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Brief and Straightforward Analysis of the Latest Research

Americans Are Having a Lot Less Sex. Why?

Ross Pomeroy - November 23, 2021

Americans had a lot less sex in 2018 compared to 2009, according to a new study published in the Archives of Sexual Behavior. The finding mirrors a downward trend also seen in many other parts of the developed world, including the UK, Australia, Germany, and Japan. Researchers from the Center for Sexual Health Promotion at Indiana University School of Public Health made the discovery by comparing data collected in 2009 and 2018 from participants of the National Survey of Sexual Health and Behavior (NSSHB). The NSSHB is an ongoing, representative survey of adolescents aged 14-17 and adults...

What 21st Birthday Binge Drinking Does to the Brain

Ross Pomeroy - November 22, 2021

About a quarter of Americans between the ages of 18 and 34 admit to occasionally binge drinking, consuming five or more drinks over a span of two hours. And when it comes to binge drinking in America, there may be no bigger event than one's 21st birthday. This is the age when Americans are legally permitted to drink, after all, so newly-minted 21-year-olds often take to the bars eager to show their alcohol imbibing prowess in dangerous fashion. University of Missouri researchers thought this longstanding tradition would be a terrific opportunity to examine the damaging effects of binge...

New Insights Into the Last Plague of Imola

Ross Pomeroy - November 17, 2021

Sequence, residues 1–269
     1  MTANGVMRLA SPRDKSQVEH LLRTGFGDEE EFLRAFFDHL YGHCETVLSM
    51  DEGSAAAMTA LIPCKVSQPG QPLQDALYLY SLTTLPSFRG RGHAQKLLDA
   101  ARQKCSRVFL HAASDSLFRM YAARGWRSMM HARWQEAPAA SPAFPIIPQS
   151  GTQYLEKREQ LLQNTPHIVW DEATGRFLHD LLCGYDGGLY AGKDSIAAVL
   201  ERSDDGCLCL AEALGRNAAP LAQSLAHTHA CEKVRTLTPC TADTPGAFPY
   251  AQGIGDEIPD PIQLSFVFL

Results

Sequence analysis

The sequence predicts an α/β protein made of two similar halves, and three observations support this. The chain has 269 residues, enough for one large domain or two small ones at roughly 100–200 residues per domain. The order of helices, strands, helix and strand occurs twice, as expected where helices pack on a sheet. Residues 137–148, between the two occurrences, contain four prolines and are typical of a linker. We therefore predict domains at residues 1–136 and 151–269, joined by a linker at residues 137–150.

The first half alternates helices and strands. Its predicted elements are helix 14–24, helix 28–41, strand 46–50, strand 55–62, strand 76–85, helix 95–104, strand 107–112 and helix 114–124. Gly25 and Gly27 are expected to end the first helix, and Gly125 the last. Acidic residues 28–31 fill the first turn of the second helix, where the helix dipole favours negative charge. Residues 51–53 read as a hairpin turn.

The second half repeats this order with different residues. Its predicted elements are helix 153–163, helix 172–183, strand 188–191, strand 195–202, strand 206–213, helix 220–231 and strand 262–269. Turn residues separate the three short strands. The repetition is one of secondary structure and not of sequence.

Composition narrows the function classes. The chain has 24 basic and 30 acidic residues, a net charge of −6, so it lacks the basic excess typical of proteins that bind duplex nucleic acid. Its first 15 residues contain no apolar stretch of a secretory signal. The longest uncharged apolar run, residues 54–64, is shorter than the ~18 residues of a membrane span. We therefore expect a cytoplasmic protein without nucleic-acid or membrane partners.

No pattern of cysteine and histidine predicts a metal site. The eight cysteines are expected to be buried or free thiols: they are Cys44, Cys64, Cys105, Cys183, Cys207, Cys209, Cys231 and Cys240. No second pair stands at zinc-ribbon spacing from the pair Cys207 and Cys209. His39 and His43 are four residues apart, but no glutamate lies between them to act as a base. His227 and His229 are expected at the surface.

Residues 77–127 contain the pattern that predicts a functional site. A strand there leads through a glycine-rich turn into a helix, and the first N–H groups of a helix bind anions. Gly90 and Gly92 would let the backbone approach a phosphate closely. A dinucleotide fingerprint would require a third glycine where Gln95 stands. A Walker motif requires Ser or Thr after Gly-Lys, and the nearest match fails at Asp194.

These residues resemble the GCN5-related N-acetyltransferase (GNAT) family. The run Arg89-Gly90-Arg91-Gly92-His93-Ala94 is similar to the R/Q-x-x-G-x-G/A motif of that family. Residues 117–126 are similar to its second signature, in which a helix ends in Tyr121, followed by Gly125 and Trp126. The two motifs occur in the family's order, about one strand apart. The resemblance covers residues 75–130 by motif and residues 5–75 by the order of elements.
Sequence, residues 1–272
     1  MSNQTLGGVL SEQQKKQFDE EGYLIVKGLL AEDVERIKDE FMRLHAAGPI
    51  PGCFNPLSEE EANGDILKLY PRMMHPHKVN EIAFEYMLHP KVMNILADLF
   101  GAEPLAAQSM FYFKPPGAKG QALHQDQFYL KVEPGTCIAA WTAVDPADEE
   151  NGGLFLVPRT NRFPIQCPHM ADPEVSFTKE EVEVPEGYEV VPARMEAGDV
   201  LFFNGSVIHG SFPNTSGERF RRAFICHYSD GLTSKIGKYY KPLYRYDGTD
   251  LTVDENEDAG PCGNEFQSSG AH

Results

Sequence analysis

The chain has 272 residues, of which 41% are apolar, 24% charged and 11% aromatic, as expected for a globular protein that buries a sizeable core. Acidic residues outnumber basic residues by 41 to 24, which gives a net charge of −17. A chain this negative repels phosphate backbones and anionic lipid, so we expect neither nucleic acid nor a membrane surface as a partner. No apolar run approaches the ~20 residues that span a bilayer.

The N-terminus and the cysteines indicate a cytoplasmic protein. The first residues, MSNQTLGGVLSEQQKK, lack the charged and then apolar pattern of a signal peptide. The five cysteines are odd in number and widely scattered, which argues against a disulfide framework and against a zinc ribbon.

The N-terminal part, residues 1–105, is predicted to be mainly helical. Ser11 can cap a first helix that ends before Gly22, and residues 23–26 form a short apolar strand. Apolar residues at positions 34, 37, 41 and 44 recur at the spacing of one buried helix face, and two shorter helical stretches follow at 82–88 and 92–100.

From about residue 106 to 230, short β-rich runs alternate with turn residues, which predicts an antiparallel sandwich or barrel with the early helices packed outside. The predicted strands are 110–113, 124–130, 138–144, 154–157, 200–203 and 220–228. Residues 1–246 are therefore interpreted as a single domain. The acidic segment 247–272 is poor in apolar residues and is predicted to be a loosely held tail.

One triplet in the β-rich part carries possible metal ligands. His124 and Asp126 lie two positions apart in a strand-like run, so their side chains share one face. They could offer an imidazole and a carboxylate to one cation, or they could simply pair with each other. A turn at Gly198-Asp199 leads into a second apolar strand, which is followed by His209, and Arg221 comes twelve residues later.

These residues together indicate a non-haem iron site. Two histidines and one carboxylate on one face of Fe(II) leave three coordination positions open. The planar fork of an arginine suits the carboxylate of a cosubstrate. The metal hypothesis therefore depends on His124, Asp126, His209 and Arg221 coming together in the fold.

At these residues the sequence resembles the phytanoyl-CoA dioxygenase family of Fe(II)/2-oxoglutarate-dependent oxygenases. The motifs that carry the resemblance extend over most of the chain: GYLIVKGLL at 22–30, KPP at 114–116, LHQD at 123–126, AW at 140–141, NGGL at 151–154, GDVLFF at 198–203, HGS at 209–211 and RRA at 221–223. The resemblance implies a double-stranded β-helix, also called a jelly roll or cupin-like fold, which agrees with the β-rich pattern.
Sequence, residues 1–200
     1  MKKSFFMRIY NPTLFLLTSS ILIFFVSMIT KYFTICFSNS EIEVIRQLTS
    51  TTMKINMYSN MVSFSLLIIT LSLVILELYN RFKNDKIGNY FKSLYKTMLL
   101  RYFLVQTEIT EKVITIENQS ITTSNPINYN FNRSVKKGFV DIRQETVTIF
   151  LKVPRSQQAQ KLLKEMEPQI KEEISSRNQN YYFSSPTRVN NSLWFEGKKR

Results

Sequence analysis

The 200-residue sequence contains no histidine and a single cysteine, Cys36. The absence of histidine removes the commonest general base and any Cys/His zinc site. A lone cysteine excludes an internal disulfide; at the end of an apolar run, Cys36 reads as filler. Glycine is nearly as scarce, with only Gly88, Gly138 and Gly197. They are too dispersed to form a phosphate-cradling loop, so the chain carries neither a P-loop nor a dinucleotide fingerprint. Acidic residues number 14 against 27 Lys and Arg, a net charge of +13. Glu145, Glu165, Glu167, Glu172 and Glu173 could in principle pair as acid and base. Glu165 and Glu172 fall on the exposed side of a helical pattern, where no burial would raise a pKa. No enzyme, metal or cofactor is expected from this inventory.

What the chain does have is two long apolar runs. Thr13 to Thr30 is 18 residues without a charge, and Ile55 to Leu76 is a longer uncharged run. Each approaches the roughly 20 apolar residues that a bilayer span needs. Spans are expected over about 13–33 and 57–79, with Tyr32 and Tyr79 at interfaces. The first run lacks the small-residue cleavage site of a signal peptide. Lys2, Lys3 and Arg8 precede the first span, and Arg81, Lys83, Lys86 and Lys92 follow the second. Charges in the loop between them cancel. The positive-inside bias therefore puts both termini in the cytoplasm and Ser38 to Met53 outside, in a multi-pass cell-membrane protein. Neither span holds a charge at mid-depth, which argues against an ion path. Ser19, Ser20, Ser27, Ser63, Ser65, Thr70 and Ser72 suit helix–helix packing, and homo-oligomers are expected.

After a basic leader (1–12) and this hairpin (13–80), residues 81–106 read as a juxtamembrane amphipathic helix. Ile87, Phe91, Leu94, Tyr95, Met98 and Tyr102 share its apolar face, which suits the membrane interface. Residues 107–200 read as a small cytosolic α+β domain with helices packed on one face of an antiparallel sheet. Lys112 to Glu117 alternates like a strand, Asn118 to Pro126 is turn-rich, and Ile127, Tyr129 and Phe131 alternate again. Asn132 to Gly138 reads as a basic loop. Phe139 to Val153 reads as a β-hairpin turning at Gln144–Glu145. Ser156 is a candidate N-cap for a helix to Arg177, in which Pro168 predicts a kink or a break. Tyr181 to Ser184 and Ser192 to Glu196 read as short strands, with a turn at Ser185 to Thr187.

In a new paper published to the journal Scientific Reports, a team of researchers from the University of Ferrara and the University of Oslo has shed new light on the last major plague epidemic to strike Northern Italy. Analyzing remains discovered in four mass graves in the city of Imola and parsing through a previously unpublished register written by the friar Francesco Da Gazzo, who cared for hundreds of plague victims, the team revealed the devastating outcome of the plague on the city's residents. In October of 1629, an outbreak that started in Milan as soldiers returned from the...

Study: Single People Are Much More Physically Active Than Married People

Ross Pomeroy - November 11, 2021

Single people are 70% more likely than married people to meet the World Health Organization's (WHO) physical activity recommendations, according to a survey of 4,460 people living in Poland. The study is published in the journal PeerJ. The WHO urges at least 150 minutes of moderate-intensity exercise or at least 75 minutes of vigorous exercise each week. When adjusting for sex, age, and education, the gap was 40% – still a sizable difference. Researchers Daniel Puciato and Michał Rozpara conducted the study in Wroclaw, Poland's fourth largest City, between 2014 and 2016. Adults aged 18...


Deceleration Training Could Greatly Reduce Sports Injuries

Ross Pomeroy - November 6, 2021

Most American football fans have seen something like this before and grimaced: A running back, sprinting at breakneck speed down the field, makes a swift cut to evade a defender. But when all his momentum suddenly shifts, the rapid change in force proves to be more than the ligaments in the knee of his planting leg can bear. They snap, and the player crumbles to the ground with a season-ending injury. Alistair J. McBurnie, a Sports Science Analyst with Manchester United Football Club and a Post-Graduate Research Student at Nottingham Trent University in the United Kingdom, is undoubtedly more...

A Discarded Tire in the Ocean Is a Hermit Crab Death Machine

Ross Pomeroy - November 1, 2021

In June 2012, when surveying the seabed at a depth of 8 meters in Mutsu Bay, Japan, Hirosaki University biologists Atsushi Sogabe and Kiichi Takatsuji, came across a macabre sight (pictured top): a discarded car tire filled with hundreds of hermit crab shells, some occupied by living inhabitants, but many more damaged and derelict, their occupants apparently long deceased. The duo hypothesized that hermit crabs could climb up the sides of the tire and enter the inner circle, but once there, they could not escape on account of the tire's concave inner wall. Sogabe and Takatsuji tested their...

What Scientists Learned From 'Investigating' 61 Public Bathrooms

Ross Pomeroy - October 20, 2021